Monday, May 04, 2009

I Look Like a Farmer Baby, But I'm a Lover

I was reading this cheerful post from the Chronicle Books Blog about sorting through boxes of used books (and wishing for the millionth time I worked at Chronicle Books, even though it would involve living on the wrong coast), and that got me to thinking about the books I've bought for their cover alone (although mostly they also looked like good reads, at least the ones in English). So since nothing of note happened today that I could possibly write about (it rained, I walked around the reservoir, I went to work, I had dinner, it was Monday all day), here are some of my favorite pretty faces, none of which ran me more than a few bucks:

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7 Comments:

Blogger Levi Stahl said...

Assuming your expenditures stayed well under four figures, this seems to me like money well spent. Some striking covers there.

10:23 PM  
OpenID bklynharuspex said...

really fine group. what the heck is the tigers & fleas one about?

11:18 PM  
Blogger Mary Catherine said...

Wolves in trees, crows in trees, cats in trees.

5:00 AM  
Blogger Lisa said...

Unfortunately -- and I say unfortunately because it certainly takes up space in my brain that I could use for other things -- I remember how much I paid for just about every book I own (and where I bought them, and from whom). That batch came to $21, I believe. The last four were a buck each. Well -- three of them were. The Raymond Chandler I stole from my parents in 1979.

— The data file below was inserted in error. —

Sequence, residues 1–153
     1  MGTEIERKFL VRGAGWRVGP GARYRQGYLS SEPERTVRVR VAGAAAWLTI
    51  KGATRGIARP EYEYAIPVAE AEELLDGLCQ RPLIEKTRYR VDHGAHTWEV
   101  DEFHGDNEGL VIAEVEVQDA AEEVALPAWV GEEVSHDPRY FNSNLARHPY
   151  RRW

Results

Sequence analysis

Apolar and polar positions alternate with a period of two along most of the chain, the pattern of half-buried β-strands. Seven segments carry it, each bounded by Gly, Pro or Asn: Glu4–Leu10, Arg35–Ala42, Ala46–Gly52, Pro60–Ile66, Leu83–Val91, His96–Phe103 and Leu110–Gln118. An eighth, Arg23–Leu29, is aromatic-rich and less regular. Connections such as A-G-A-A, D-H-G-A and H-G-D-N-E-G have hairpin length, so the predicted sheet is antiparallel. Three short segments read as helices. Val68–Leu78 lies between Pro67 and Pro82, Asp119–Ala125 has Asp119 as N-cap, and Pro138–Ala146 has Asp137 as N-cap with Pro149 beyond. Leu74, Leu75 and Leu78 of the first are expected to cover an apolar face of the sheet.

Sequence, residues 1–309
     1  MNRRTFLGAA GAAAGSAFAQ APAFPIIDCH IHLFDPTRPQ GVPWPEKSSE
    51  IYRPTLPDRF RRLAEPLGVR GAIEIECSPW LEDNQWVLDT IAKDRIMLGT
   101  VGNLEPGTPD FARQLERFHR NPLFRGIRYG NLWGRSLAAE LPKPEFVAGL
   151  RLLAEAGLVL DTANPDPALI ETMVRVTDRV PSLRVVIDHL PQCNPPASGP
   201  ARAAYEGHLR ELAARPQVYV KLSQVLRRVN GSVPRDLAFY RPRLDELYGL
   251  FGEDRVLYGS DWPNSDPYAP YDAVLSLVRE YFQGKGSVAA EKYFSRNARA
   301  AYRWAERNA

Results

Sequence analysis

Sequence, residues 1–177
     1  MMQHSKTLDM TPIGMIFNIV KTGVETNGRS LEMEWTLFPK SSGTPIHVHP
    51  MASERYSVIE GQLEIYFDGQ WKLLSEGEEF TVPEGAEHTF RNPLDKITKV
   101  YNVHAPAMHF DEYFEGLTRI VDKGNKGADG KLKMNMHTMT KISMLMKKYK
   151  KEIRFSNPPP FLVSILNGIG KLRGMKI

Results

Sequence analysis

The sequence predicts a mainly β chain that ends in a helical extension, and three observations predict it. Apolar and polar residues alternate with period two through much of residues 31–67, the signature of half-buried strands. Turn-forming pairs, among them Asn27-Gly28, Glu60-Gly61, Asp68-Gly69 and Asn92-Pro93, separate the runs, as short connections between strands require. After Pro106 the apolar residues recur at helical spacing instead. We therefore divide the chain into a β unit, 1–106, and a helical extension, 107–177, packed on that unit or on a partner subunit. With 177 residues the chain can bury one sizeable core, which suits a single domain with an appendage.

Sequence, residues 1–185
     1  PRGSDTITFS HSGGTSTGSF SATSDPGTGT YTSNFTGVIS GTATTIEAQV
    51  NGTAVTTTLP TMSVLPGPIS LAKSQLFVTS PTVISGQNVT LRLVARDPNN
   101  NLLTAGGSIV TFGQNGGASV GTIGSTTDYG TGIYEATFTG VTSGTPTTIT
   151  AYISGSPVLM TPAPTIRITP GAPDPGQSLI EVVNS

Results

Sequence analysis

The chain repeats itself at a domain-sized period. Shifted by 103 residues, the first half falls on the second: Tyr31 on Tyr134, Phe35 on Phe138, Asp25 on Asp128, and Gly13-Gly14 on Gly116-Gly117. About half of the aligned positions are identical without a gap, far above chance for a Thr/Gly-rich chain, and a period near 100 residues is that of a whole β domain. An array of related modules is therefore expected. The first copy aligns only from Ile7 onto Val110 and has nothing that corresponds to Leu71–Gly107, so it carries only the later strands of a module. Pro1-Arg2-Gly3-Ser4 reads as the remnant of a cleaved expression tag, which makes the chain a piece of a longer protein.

The Tigers & Fleas book is about animal training and trainers, with an emphasis on the exotic. Fantastic '50s cartoon type line drawings by the author.

MC, don't forget Boys in the Trees.

6:39 AM  
Blogger Miss T said...

I wouldn't have been able to resist those, either. Fabulous!

11:05 AM  
Blogger Margarita said...

I would totally love to look through the "Moderne Kunst" - looks like a wonderful find! The Wold Man would be a close next one. Good choices.

11:22 PM  
OpenID bklynharuspex said...

And now, raccoons in trees!

And I am reminded of a great poem, Yeats' "Sailing to Byzantium," where he talks of "the young/ In one another's arms, birds in the trees/ -- Those dying generations -- at their song/ The salmon-falls, the mackerel-crowded seas."

9:36 PM  

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